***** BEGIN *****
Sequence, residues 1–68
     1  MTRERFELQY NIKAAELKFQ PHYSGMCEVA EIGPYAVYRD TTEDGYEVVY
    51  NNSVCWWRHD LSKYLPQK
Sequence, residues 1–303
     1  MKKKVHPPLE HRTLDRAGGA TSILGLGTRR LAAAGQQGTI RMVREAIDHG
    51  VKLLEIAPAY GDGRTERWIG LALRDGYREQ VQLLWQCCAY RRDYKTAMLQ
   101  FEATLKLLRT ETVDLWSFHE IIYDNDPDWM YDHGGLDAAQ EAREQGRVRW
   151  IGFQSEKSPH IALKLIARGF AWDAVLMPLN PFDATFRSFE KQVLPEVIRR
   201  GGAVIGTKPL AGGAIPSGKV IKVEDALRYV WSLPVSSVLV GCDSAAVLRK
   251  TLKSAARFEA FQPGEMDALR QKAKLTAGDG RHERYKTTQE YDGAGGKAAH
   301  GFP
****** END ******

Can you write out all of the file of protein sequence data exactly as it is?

Sequence, residues 1–68
     1  MTRERFELQY NIKAAELKFQ PHYSGMCEVA EIGPYAVYRD TTEDGYEVVY
    51  NNSVCWWRHD LSKYLPQK
Sequence, residues 1–303
     1  MKKKVHPPLE HRTLDRAGGA TSILGLGTRR LAAAGQQGTI RMVREAIDHG
    51  VKLLEIAPAY GDGRTERWIG LALRDGYREQ VQLLWQCCAY RRDYKTAMLQ
   101  FEATLKLLRT ETVDLWSFHE IIYDNDPDWM YDHGGLDAAQ EAREQGRVRW
   151  IGFQSEKSPH IALKLIARGF AWDAVLMPLN PFDATFRSFE KQVLPEVIRR
   201  GGAVIGTKPL AGGAIPSGKV IKVEDALRYV WSLPVSSVLV GCDSAAVLRK
   251  TLKSAARFEA FQPGEMDALR QKAKLTAGDG RHERYKTTQE YDGAGGKAAH
   301  GFP